If Trump is Impeached, How Will It Be Different Than Clinton?
By Dan Perkins
May 20, 2019
I believe many Democrats and some Republicans will potentially be making a devastating mistake on the outcome of a possible Trump impeachment. This group is trying to draw comparisons between Clinton's impeachment and applying a similar outcome for Trump. Those who are supporters of the president seem to feel that impeachment will assure President Trump’s re-election. Let's look at some possible differences and see if you agree that there could be a different outcome.
Let us start with the rationale for impeachment: the charge of high crimes and misdemeanors covers allegations of misconduct by officials, such as perjury of oath, abuse of authority, bribery, intimidation, misuse of assets, failure to supervise, dereliction of duty, unbecoming conduct, refusal to obey a lawful order, chronic intoxication, and tax evasion. Offenses by officials also include ordinary crimes, but perhaps with different standards of proof and punishment than for non-officials, because more is expected of officials due to their oaths of office.
These last four words are very significant: Bill Clinton was impeached while he was President for lying while under oath. He also was charged with obstruction of justice. The reality is that the House could impeach a sitting president for anything he might have done while in office, or before he came into office. The challenge will be to convince both the House and the Senate that something a President had done 5, 10, 20 or more years ago is an impeachable offense today. We saw in the Kavanaugh hearing that the Judiciary Committee spent more time on what he did before he left college and less time on his legal work after.
Bill Clinton took several oaths of office before he became president and his previous actions may have violated his oaths of office. President Trump was a private citizen all of his life and only took an oath of office as President of the United States. The Mueller investigation found no collusion between the Russian government and the president or his team. Collusion is not a crime. The exception is in the case of antitrust law, so we should all just stop using "collusion" as a shorthand for criminality. I'm afraid that the Democrats will not give up on the idea that collusion is a crime.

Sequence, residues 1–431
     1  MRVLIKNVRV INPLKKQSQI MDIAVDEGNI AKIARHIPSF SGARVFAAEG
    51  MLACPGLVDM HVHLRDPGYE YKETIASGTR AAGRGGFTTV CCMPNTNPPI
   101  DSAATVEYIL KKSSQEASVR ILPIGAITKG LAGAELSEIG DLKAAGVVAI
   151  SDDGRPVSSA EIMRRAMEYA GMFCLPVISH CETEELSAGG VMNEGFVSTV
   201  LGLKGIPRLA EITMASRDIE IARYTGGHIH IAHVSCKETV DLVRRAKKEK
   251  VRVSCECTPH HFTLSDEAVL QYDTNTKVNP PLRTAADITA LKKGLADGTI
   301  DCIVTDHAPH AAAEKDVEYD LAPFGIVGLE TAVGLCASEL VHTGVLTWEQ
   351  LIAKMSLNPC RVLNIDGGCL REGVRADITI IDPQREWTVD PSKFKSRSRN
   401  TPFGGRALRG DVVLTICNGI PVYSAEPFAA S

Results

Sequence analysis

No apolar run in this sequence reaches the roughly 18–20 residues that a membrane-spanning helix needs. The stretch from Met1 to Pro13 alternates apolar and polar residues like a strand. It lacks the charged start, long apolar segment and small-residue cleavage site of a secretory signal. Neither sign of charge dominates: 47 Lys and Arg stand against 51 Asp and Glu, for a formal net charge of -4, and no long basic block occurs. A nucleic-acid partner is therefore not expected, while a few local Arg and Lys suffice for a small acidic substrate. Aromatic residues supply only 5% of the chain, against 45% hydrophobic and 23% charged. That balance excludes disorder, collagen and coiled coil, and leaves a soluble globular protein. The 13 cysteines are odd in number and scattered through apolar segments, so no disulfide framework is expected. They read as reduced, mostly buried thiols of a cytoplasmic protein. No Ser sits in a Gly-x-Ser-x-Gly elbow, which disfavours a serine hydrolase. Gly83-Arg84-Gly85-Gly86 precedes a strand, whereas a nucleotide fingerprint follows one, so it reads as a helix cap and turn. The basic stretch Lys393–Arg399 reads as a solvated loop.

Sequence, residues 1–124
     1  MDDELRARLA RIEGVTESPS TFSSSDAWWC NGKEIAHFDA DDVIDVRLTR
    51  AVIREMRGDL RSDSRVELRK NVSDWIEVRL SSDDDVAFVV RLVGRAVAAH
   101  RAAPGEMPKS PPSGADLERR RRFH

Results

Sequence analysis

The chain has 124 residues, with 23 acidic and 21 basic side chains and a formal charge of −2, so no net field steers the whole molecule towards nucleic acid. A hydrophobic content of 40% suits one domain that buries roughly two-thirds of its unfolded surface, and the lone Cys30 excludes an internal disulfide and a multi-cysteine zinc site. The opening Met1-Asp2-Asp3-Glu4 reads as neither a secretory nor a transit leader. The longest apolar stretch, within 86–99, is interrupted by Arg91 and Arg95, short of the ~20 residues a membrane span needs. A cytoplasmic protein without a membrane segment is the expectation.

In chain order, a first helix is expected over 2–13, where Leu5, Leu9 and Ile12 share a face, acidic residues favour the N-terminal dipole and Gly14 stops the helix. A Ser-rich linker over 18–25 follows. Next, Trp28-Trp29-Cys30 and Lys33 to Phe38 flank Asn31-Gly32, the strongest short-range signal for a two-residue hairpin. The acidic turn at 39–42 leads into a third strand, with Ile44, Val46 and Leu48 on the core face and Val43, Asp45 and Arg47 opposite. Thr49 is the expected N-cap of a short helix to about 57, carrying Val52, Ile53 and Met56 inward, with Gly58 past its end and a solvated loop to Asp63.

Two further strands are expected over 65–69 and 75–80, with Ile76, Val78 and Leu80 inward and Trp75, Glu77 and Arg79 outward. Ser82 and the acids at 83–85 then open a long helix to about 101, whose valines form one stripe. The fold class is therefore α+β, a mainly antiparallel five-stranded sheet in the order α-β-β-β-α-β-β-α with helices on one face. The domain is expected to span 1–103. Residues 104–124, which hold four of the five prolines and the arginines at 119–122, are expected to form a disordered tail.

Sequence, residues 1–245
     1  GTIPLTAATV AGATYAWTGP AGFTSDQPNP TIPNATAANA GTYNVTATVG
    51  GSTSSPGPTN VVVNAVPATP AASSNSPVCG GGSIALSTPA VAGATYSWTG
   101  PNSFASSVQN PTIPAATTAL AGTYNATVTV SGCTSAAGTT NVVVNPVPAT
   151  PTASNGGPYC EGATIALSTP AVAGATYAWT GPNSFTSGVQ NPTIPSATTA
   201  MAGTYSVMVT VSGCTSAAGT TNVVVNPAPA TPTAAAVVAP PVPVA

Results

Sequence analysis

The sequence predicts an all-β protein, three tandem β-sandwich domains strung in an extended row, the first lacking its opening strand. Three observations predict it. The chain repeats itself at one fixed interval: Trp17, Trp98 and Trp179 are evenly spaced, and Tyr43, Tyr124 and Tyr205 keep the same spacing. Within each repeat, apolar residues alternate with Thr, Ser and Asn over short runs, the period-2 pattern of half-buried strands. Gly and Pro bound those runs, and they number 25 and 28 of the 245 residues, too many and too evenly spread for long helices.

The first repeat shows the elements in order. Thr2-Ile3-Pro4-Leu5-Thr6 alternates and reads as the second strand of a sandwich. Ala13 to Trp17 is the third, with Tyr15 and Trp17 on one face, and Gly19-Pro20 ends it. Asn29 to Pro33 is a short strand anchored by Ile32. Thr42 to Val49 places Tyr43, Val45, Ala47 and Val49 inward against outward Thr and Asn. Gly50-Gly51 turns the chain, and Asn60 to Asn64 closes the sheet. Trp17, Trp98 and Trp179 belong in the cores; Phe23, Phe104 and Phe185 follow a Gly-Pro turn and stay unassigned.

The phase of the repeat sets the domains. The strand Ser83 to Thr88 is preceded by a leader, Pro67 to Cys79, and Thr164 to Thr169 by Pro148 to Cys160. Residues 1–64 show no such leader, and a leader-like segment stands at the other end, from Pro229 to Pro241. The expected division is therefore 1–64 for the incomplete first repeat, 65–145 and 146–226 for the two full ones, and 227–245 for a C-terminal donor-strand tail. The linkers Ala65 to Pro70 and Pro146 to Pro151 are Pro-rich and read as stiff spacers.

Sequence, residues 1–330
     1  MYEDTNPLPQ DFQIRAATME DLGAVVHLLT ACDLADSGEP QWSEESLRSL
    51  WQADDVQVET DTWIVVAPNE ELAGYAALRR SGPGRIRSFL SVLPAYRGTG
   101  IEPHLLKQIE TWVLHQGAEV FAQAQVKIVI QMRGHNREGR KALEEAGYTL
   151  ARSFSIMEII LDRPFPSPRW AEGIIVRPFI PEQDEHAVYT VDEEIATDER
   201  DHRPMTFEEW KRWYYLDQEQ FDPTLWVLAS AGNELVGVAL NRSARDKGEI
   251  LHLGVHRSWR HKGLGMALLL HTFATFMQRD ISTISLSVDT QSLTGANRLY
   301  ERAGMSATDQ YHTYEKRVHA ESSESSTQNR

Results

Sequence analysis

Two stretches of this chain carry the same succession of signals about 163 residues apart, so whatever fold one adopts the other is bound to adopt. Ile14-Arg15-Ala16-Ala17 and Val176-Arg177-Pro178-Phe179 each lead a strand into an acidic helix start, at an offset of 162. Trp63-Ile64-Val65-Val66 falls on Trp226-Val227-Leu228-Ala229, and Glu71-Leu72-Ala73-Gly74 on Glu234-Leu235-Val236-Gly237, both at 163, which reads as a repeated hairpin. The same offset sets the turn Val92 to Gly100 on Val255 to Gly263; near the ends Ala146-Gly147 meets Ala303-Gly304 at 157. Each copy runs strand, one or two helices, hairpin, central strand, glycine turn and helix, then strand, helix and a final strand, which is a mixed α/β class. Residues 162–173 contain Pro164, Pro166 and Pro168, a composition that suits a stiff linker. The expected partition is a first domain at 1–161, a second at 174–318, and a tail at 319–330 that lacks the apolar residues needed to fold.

Bill Clinton lied before a grand jury and he tried to get people to lie when they testified. These two acts reflect strongly against his oath and occurred while he was in his office. These are grievous offenses and he should have been prosecuted. He was impeached under the law, he was tried under the law, but he was found not guilty. Remember it takes two-thirds of the Senate to support the bill of impeachment.
We have had four congressional committees and one special counsel all looking into the matter of President Trump committing high crimes or misdemeanors. None of the five have found anything with which to charge him or to impeach him. Now, after five investigations, House committees still refuse to accept the outcomes and want to start all over again. The definition of insanity is to repeat the same thing over and over again and expect a different result.
The big difference between Trump and the Clinton impeachments is that Clinton had the press on his side. Trump will not. I have no doubt that should impeachment be charged against Trump, the news media will clearly be on the side of the Democrats. So far in the Trump presidency, 91% to 93% of stories in the mainstream media have been negative against everything President Trump has done. I do not expect the media to be fair and balanced, but because an impeachment trial is so historically significant, I would hope the media would be more attuned to honest reporting. One can always hope for the best, but I’m not hopeful.
The press knows that the odds are not good that two thirds of the Senate will vote for an impeachment bill. The managers in the House will be presenting their case to the full House for their vote, and even their case may not be strong enough to pass an impeachment bill. After they make the case to the House, the Democrats will have shown their hand, and the President's defenders in the Senate can then attack the House manager’s claims.
This is a serious process, and there is a reason why it has been used so seldom in the history of the nation. One final thought: I wonder that if the Democrats bring a bill of impeachment and go to trial and lose, will they finally agree to move on? I don't think so; the Democrats will never agree they were wrong.
Dan Perkins is the author of 9 books, a nationally syndicated talk show host, an expert on energy, the founder of the Black and White radio and TV network promoting free speech, and the host of two shows on the network, Blacks and Whites and Dan After Dark. His newest outlet for commentary is https://yournews.com/33908. You can find more info about Dan and his works at danperkins.guru.
Visit Dan Perkins's website at www.DanPerkins.guru